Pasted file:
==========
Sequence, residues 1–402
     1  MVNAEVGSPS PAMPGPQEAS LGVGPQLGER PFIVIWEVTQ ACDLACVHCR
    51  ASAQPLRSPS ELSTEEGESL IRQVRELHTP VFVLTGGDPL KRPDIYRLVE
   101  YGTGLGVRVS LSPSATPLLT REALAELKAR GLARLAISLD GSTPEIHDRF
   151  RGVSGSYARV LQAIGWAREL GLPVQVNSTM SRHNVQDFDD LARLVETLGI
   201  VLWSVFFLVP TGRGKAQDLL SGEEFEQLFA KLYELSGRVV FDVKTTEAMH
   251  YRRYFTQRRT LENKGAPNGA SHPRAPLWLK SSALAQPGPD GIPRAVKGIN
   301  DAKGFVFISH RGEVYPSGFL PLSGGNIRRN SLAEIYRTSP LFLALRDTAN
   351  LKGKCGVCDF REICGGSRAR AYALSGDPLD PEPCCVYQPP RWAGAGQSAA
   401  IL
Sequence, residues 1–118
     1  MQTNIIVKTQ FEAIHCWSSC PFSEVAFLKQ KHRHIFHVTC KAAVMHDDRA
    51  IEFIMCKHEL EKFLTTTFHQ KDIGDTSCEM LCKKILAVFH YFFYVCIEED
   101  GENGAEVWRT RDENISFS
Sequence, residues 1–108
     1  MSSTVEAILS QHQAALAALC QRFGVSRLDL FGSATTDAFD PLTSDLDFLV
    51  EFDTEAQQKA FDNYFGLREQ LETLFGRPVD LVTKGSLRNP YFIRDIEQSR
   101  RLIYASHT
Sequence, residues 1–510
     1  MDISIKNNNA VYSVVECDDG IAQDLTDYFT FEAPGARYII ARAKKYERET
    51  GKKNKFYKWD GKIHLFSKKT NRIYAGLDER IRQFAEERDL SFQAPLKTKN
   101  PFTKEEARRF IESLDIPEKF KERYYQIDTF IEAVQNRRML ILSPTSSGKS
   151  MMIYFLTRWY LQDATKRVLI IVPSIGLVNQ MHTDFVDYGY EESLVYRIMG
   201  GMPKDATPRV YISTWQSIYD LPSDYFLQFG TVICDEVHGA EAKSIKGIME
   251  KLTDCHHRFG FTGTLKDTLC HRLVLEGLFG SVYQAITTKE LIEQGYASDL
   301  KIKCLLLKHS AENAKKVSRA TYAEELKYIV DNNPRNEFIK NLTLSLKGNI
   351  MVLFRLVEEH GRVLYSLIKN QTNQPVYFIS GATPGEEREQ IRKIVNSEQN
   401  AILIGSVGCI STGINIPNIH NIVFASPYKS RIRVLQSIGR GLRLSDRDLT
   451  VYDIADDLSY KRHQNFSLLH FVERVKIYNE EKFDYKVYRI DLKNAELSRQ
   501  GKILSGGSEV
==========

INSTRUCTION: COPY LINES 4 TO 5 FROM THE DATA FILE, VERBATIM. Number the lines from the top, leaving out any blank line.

   101  YGTGLGVRVS LSPSATPLLT REALAELKAR GLARLAISLD GSTPEIHDRF
   151  RGVSGSYARV LQAIGWAREL GLPVQVNSTM SRHNVQDFDD LARLVETLGI